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Authentic Mexican with bar in SouthEast Valley

Please forgive what certainly must be the most pedestrian of pedestrial queries on this web site. I'm looking for an authentic Mexican Restaraunt with Bar, in or near the South East Valley with prices that won't use upo my complete social security check for two people. I've heard much about El Torito in Sherman Oaks as well as Acapulco on Olive in Burbank, but having never eaten at either, don't know which is considered better. I would appreciate any comment. BTW, last night I was turned on to a restaurant in Topanga called Abuelitas. Sounds lovely. Any comments? Your help will be deeply appreciated.

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  1. I wouldn't call either El Torito or Acapulco "authentic Mexican", as it seems just more "gringo-ized" chain Mexican food to me. You might try "Las 4 Milpas" on Burbank Blvd. just east of Vineland (we haven't been since the recent change of management, but previous trips were pretty good and their Siete Mares was excellent).

    1. Thank you for your response. Once again being pedestrian, what is the difference between "authentic Mexican" and the chains such as El Torito andAcapoulco?

      3 Replies
      1. re: jwrites4u

        I tend to define "authentic" food or whatever ilk as what you would get if you went out to dinner with a member of whatever group/area the food originates with. Most of what's on the menu at chains like El Torito doesn't fall into that category. It's been toned down, anglicized, fused with California cuisine, or some other dilution.

        There are also a lot of different regional cuisines in Mexico, with different ingredients featured and different cooking styles and spicing. Oaxacan cooking is very different than Yucatecan. It's like the difference between Cantonese, Shanghainese, and Hunan cooking. Same country, but very different food.

        1. re: GVDub

          In this case, both Acapulco and El Torito serve what I call "Mexicombo plates", which are some combination of tacos, burritos, quesadillas, chiles rellenos, enchiladas and tamales, with rice and beans, often with better than a half-pound of cheese in or on it.

          An authentic place would tend to serve things like San Fernando-style tacos, which are just small tortillas with a bit of meat, onions, cilantro, and salsa. They may serve burritos (which are kind of a gringo invention anyway) but will probably have things like pozole (a hominy and pork soup), birria (goat soup), and menudo (tripe stew). There are also authentic marisquerias which sell seafood in various preparations.

          Southeast Valley's a bit of a Yuppie hangout...not much in the way of authentic places. Las 4 Milpas is a good suggestion. Ernie's Taco House is a Mexicombo place that's better than El Torito, Acapulco or Don Cuco's.

          1. re: Das Ubergeek

            What's your take on Mucho Mas? We've eaten there once, but it was a few years ago, and it seemed alright, but for some reason, we've never gone back.

      2. IHO the chains mentioned above will somewhat 'americanize' some of the mexican dishes to make them more pleasing to the american palate. for example sour cream instead of queso fresco as a topping. For me, the term authentic is used excessively almost to a fault. I mean, what is authentic food really? Is is possible to eat 'authentic' regional cuisine outside of that specific area? If you aren't using chili peppers or corn grown in your native country, is your food still authentic? If you're using canola oil instead of lard, are those beans authentic? Where is the line drawn?I think a lot of mexican restaurant will use mexican inspired recipes and have the chef put a contemporary twist on them to set them apart for other restaurants. Is this authentic? i guess not. But it also doesn't mean that the food is sub-par. Anyways, I'm not supporting chain grub cause I think most of the time food is blah, but just throwin in my 2 cents...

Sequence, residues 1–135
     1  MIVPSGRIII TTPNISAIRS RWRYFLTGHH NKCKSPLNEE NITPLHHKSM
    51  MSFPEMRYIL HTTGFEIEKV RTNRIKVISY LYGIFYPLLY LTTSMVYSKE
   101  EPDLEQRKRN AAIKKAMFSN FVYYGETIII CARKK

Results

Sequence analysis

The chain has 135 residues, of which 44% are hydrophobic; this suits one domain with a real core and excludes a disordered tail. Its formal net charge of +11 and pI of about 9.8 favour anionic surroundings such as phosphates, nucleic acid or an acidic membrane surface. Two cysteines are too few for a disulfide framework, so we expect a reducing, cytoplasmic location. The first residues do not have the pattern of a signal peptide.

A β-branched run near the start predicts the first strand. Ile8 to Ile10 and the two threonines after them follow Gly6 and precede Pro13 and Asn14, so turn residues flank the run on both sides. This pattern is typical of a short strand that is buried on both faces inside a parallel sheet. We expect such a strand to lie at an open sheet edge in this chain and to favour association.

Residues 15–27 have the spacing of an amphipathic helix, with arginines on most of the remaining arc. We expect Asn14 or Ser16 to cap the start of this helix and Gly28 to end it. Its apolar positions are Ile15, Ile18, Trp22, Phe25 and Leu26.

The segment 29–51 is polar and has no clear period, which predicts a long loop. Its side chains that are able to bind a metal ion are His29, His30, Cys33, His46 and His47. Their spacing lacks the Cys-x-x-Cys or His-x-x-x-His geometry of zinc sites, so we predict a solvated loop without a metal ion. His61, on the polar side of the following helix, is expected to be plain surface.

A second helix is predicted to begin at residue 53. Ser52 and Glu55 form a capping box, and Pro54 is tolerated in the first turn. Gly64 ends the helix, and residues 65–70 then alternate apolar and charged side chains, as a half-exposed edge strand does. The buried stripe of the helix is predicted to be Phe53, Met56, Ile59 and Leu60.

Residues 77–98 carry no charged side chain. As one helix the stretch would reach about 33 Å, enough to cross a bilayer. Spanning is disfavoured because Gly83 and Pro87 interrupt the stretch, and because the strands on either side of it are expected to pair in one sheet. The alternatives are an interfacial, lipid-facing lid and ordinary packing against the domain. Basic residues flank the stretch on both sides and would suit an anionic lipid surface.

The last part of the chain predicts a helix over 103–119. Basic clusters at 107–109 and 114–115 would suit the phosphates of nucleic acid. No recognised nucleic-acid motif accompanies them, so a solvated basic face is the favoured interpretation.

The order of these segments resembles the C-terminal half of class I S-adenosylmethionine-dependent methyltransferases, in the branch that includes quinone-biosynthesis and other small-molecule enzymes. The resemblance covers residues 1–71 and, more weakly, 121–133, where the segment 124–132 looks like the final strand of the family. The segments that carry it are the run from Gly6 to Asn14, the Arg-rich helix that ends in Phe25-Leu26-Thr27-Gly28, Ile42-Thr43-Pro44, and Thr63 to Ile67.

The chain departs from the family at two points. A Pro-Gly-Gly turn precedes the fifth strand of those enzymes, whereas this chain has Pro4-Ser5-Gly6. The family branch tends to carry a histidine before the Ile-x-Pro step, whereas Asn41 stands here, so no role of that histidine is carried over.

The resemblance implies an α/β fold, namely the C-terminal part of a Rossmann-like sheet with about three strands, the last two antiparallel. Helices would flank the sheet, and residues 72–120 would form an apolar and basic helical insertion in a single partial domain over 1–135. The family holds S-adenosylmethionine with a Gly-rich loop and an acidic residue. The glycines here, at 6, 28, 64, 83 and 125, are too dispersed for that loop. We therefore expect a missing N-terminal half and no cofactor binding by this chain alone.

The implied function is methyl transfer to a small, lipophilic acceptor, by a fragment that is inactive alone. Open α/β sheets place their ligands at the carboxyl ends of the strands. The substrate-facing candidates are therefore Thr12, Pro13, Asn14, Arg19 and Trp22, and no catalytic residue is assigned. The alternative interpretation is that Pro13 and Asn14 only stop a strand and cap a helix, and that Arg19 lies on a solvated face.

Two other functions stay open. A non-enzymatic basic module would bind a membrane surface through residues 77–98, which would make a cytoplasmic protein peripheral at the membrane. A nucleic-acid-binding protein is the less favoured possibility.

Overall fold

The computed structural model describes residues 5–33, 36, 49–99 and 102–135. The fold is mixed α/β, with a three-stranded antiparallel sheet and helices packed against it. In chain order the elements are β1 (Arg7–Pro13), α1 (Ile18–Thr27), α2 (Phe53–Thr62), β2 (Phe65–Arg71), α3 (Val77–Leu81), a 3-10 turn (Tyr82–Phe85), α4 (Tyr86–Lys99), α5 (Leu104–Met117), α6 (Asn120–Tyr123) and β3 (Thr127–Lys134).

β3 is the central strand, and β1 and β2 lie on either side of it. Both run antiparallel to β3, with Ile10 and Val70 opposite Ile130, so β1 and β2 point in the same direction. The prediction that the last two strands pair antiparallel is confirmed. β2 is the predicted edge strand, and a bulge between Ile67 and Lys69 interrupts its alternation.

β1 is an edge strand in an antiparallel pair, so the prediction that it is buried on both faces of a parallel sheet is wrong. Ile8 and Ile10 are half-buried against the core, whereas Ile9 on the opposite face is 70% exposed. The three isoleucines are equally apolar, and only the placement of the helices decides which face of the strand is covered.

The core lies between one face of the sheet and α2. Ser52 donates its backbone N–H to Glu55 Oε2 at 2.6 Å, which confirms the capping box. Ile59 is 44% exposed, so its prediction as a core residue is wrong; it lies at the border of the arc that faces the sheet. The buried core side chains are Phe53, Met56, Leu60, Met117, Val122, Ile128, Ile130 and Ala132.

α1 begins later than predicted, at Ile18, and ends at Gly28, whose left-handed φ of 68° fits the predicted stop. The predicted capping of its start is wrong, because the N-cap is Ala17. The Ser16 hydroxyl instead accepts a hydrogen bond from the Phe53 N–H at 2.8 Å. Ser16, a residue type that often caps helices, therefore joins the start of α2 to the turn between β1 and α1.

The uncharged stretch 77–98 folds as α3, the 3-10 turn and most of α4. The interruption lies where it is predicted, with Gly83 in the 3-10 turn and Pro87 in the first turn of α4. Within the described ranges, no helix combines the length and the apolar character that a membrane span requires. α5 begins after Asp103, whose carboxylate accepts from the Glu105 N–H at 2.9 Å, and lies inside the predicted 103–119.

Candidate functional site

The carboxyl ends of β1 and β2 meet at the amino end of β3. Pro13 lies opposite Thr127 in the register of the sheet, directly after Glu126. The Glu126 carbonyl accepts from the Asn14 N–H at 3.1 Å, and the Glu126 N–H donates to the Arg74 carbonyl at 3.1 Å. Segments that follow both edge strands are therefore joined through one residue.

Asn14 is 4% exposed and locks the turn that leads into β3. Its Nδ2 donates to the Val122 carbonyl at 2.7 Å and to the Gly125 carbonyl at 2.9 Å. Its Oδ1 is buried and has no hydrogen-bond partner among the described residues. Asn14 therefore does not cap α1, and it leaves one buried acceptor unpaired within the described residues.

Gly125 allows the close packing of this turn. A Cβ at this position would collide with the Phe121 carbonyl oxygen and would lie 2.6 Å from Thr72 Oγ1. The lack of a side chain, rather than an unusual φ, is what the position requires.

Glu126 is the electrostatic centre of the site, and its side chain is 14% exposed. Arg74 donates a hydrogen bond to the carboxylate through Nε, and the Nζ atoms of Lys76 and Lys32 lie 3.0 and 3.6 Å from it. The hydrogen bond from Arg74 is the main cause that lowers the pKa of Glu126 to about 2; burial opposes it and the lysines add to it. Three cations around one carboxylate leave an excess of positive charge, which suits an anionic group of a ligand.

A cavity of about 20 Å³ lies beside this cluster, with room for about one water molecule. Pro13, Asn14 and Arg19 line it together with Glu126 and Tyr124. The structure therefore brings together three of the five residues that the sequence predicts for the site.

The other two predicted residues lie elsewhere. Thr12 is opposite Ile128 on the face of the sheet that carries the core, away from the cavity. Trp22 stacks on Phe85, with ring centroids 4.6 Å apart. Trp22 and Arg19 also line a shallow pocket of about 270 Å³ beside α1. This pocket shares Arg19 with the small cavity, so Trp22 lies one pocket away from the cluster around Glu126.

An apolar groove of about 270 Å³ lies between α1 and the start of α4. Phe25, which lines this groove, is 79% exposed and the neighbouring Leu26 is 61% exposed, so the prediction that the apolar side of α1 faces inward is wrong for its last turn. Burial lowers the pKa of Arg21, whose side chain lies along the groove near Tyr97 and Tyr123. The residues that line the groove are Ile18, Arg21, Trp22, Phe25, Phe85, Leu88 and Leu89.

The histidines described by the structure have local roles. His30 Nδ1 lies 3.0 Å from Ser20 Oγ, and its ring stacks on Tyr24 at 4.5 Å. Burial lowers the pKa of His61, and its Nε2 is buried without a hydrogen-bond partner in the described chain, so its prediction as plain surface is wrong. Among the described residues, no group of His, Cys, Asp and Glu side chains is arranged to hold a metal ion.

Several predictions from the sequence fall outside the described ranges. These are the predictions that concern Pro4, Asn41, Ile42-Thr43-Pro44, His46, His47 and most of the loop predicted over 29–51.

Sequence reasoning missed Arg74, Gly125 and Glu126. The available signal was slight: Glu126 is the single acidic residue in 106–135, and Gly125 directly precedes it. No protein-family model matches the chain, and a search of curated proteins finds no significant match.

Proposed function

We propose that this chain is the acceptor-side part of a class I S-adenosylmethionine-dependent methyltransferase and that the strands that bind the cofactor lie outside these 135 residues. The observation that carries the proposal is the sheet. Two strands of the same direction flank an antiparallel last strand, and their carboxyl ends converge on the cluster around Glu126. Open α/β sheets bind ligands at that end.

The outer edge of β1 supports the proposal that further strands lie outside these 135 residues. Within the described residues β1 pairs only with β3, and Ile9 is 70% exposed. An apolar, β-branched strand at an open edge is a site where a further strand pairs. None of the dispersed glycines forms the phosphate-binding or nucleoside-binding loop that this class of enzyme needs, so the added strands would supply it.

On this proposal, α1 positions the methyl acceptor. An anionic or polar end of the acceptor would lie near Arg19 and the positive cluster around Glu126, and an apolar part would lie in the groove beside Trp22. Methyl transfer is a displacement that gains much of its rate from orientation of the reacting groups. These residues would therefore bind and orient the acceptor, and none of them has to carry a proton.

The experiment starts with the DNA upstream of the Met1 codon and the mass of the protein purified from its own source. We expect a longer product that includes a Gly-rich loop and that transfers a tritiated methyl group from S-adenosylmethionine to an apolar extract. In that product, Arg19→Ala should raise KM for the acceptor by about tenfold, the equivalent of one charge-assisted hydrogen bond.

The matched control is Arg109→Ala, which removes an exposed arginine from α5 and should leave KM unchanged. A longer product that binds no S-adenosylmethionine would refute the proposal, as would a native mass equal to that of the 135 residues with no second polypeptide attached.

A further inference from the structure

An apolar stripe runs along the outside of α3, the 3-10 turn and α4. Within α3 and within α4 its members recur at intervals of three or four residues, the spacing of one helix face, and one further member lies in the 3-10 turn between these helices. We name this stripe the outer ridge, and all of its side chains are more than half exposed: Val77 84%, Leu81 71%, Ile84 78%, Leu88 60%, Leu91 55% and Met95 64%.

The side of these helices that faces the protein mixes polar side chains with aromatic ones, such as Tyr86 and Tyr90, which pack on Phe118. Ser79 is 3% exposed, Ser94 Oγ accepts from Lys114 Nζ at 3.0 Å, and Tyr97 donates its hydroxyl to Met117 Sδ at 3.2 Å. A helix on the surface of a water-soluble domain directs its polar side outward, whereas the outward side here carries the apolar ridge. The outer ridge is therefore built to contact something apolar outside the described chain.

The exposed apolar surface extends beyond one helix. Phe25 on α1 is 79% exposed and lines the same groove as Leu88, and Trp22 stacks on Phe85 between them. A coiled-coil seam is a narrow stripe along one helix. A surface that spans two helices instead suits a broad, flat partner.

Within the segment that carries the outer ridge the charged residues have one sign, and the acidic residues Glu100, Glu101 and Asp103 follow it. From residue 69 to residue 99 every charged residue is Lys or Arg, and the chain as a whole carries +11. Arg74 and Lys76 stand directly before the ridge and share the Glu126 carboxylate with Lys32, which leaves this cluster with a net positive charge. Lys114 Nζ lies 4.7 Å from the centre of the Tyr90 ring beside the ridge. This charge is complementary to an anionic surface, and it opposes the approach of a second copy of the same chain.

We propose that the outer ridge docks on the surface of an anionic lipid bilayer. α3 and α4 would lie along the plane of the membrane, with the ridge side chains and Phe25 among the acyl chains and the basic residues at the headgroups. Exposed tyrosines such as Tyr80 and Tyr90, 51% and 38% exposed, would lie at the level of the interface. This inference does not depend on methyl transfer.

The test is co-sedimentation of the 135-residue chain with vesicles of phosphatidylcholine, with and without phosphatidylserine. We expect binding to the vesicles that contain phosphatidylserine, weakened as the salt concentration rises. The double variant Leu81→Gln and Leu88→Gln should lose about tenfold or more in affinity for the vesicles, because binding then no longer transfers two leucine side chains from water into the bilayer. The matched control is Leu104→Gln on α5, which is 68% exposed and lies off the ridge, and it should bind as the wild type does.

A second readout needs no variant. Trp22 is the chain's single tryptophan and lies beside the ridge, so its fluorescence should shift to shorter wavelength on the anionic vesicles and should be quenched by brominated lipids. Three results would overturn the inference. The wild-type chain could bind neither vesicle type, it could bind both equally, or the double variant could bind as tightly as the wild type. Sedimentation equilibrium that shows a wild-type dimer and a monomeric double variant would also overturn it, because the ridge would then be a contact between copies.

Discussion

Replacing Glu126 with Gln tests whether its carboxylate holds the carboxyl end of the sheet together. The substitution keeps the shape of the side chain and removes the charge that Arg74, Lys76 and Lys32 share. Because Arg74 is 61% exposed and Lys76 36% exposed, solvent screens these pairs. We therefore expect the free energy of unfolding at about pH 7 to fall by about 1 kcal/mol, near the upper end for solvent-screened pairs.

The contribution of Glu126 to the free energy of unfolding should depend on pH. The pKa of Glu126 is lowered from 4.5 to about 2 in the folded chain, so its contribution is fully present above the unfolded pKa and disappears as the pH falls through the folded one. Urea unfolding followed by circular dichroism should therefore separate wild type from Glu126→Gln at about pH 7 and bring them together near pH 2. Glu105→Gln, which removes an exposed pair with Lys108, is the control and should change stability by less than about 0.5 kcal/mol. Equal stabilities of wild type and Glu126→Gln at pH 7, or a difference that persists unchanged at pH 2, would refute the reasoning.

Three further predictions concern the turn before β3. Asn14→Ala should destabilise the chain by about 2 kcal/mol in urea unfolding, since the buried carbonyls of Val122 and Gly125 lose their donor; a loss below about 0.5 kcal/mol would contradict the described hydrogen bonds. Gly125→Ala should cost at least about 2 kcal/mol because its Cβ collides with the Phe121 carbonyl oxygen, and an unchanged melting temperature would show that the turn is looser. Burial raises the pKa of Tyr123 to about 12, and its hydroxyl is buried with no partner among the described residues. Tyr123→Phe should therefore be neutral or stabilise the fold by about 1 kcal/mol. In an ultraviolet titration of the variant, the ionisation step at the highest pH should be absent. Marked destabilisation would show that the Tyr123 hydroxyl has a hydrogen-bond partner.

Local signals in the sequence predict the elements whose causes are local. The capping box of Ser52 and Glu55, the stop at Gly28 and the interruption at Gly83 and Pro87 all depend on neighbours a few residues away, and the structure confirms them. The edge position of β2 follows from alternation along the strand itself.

~rZa

        1. If Burbank and Victory is Southeast enough, Granadas may be a good pick. The best and strongest house ritas anywhere and IMHO pork dishes that are hard to beat. Lots of longtime regulars cant be wrong.

          2 Replies
          1. re: bigdoghh

            Hi Bigdoghh,

            Area you mentioned is perfect. Can you tell me something about Granada. This is one restaurant no one has mentioned so it interests me. How is the food, the Margaritas? Does it have any ambience?

            1. re: jwrites4u

              It's got kind of that faux-Mexican-village ambiance, the ritas are quite strong, the food's good but again, a Mexicombo type place. Good for what it is, though. DON'T go to Barragan's on Victory -- icky food and worse ritas.

          2. And how are the prices?

            4 Replies
            1. re: jwrites4u

              Carnitas dinner used to be around 11 bucks but the portion is quite large and very tender. Ritas are 5.95 and 2 will be all you will need. They are smooth and strong, always very consistent too. I agree with Das Ubergeek that they are somewhat of a combo place but their pork dishes, carnitas, chili verde tostada verde etc are the best.

              1. re: bigdoghh

                Much Thanks, Big Dog. Of all the suggestions I had had (and I appreciate them all) yours suggesting Granada is trhe one we will try tomorrow night. One more question, please. Do they take reservations (for 2), and if they do, is it wise to make one. Again thank you. Jeff (jwrites4u)

                1. re: jwrites4u

                  not sure if they do or not, can get crowded but they seat both up front and in the bar

                  1. re: jwrites4u

                    I wouldn't imagine you'd need one... may be a small wait but you can always knock back ritas in the bar.